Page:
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      An Electrifying Family

      My wife Eunice came from ancestors, on several sides, who were among the first in the business -- whatever the business was from time to time.  She is descended by two different lines from people who came to America on the Mayflower (Isaac Allerton and John Warren), and I always took some pride in the fact that Isaac Allerton was among the first people to be expelled from the Plymouth Colony as a heretic.
      Well, maybe heretic isn't quite the right word.   Although he was one of the true believers, he served for some time as the colony's business agent.  His duties included taking Massachusetts corn up into Maine to trade with the Maine Indians for beaver pelts, and taking the beaver pelts to London to be sold to help pay for the debt the colony owed the money they had borrowed to pay for their transportation to the new world.  He traded on his own account as well as on behalf of  the community, and apparently did rather well for himself as well as for the community.  But there were those who felt he was profiteering on his own behalf, and they found their leverage to expel him from his job, and from the colony, when they found he was trading with people who offered the best price instead of with people who had the right religious beliefs.  More explicitly, he was expelled for the grievous sin of trading with Quakers.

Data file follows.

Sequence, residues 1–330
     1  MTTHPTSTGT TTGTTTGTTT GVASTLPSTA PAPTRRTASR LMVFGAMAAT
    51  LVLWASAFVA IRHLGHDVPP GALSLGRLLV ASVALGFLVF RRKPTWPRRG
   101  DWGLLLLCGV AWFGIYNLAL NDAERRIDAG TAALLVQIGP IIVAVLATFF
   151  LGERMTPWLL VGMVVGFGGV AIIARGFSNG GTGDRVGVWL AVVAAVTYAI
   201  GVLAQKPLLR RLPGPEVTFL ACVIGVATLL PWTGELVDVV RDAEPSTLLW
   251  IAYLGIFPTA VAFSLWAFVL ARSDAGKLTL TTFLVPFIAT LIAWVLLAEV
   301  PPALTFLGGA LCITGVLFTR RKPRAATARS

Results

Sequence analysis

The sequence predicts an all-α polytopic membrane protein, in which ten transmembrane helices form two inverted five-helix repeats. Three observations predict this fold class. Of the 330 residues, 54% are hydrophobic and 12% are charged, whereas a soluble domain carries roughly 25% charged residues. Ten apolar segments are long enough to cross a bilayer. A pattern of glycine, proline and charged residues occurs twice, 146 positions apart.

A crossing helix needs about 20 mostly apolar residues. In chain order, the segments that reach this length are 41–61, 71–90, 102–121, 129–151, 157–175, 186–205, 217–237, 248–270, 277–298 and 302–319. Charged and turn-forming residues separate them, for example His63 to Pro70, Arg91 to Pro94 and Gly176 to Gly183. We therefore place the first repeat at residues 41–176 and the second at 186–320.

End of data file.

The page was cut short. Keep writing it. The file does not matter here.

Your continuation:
Let's move ahead nearly 250 years, from the early 1600's to the mid 1800's.  Eunice's great grandfather, William Lowell Brekenridge, 1828-1908, lived in Ware, Massachusetts.  His father headed the building committee for the town hall there in the 1840's; the family even then was said to be mechanically inclined.  William was a machinist, working in metal and wood, building and fixing machinery in the mills of the region.  Usually these were textile mills, running on water power.  This was before the days of electricity.  You needed a water wheel for power and then a long series of gears, rotors, and belts to bring the power to where you want it, at the machines.